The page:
I’m a history buff, which is one of the reasons I enjoy Jenny White‘s novels.
She is intimately familiar with the history and culture of Istanbul and Turkey, having lived and studied here for years in connection with her work in social anthropology.
Her first novel, The Sultan’s Seal, introduces Kamil Pasha, the Ottoman magistrate, orchid collector, aesthete and eligible bachelor who works to untangle the mysteries of the murder of a young, blonde English governess in the imperial harem.
The story draws you into the heart of 19th-century Istanbul, which is to say the heart of Ottoman Turkey, at a critical time: some in the empire see threats to its existence posed by the march of progress, others cling ferociously to the empire’s glorious past and thus imperil the future. We know the outcome. They did not, andJenny White captures this tension admirably.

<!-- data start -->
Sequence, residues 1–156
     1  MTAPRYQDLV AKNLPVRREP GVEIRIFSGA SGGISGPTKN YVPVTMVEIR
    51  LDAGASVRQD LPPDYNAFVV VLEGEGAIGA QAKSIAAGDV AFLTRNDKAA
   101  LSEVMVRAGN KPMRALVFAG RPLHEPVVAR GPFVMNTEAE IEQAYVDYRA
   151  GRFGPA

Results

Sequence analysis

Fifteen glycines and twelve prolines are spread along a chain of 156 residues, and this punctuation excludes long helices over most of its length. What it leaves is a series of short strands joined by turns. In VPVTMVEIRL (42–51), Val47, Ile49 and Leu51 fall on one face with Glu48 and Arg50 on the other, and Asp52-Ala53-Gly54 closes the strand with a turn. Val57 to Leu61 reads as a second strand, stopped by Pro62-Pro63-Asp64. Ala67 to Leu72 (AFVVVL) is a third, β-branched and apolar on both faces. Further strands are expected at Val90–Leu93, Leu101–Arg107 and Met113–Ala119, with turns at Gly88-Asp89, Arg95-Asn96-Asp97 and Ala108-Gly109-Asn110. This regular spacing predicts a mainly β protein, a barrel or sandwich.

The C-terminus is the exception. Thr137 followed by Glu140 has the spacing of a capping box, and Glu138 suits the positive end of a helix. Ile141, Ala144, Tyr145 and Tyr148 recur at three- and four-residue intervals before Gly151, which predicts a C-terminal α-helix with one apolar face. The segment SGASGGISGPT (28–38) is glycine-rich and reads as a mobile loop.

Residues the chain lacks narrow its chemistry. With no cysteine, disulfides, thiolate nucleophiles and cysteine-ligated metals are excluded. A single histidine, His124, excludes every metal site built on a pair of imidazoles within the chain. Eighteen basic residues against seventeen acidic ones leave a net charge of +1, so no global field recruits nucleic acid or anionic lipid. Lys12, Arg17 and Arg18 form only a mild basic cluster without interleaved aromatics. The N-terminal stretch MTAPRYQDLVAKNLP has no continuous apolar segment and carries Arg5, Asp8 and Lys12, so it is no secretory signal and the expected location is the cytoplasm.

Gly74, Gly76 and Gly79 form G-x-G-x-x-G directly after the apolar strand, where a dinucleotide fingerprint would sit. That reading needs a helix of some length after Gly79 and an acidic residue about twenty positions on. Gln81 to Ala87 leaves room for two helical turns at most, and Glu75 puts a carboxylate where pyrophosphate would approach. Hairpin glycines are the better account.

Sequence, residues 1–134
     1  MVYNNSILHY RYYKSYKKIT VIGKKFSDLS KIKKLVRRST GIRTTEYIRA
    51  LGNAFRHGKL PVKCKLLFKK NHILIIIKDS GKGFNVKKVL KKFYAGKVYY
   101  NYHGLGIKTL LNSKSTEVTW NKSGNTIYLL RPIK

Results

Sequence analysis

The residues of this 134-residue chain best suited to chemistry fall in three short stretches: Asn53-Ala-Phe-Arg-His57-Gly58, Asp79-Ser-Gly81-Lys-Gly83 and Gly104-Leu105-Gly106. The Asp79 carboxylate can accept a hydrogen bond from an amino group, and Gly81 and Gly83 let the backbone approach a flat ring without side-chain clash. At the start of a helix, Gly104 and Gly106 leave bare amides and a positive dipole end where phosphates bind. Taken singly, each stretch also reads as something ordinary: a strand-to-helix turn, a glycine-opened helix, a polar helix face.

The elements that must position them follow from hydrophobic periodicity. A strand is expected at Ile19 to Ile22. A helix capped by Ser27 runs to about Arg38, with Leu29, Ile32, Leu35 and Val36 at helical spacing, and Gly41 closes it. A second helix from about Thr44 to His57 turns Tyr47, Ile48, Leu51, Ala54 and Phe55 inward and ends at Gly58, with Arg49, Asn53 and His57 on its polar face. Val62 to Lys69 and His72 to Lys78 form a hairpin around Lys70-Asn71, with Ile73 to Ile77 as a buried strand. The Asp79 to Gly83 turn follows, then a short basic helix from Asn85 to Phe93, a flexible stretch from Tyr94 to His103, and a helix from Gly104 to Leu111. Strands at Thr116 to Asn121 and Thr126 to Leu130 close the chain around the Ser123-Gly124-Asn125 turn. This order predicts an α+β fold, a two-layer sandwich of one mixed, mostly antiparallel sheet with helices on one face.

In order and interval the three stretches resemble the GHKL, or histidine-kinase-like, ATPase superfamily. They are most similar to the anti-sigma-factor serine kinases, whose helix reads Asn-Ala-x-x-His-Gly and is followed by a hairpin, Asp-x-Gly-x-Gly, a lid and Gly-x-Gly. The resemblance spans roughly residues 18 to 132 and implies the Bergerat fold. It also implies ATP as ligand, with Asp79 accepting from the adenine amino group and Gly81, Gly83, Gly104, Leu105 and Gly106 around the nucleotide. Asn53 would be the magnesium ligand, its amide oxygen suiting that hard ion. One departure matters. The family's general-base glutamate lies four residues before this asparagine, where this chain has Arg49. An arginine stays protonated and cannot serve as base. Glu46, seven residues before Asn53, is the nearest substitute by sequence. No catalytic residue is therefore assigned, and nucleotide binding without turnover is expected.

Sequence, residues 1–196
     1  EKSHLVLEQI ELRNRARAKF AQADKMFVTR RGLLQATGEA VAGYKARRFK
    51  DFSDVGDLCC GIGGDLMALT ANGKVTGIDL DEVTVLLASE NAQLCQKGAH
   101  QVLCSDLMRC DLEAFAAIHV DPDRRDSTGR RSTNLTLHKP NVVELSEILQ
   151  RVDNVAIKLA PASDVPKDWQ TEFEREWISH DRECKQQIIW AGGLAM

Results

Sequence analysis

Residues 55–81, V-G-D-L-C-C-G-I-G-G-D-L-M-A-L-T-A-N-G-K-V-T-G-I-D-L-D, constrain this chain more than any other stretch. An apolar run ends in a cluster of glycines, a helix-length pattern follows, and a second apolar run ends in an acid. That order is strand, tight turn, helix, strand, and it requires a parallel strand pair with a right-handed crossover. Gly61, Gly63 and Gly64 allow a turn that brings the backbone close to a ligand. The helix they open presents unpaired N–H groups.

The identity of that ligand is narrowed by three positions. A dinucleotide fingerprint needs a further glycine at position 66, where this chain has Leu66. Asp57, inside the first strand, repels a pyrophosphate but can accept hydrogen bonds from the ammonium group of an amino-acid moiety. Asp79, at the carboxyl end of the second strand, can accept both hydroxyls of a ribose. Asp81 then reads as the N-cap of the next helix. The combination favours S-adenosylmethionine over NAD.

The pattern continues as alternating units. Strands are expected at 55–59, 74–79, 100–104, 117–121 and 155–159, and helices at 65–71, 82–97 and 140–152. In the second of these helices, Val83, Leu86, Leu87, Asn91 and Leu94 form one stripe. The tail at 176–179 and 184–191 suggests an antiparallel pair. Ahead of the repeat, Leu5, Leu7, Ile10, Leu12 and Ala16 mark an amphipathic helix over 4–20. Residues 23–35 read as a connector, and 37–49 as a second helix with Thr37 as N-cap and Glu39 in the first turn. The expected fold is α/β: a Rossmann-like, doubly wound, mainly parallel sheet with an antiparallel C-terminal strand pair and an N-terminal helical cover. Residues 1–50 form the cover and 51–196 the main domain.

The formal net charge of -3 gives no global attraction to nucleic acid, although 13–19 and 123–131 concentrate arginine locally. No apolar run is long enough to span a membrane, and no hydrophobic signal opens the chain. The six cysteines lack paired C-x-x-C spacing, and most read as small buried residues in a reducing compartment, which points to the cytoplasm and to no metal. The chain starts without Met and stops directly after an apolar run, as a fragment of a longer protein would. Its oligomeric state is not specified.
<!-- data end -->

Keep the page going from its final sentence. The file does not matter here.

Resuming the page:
As a writer, I admire the author’s sensitive, evocative descriptions of the city, its natural beauty, its contradictions both subtle and overt.
Jenny White sees Istanbul at its best and worst, as she does its people, their hearts and desires.
Decadent? No more decadent, perhaps, than the human heart itself.
The Sultan’s Seal, by Jenny White
New York& London: W W Norton & Company, 2006
ISBN 978-0-393-06099-3, 352 pages, US$24.95
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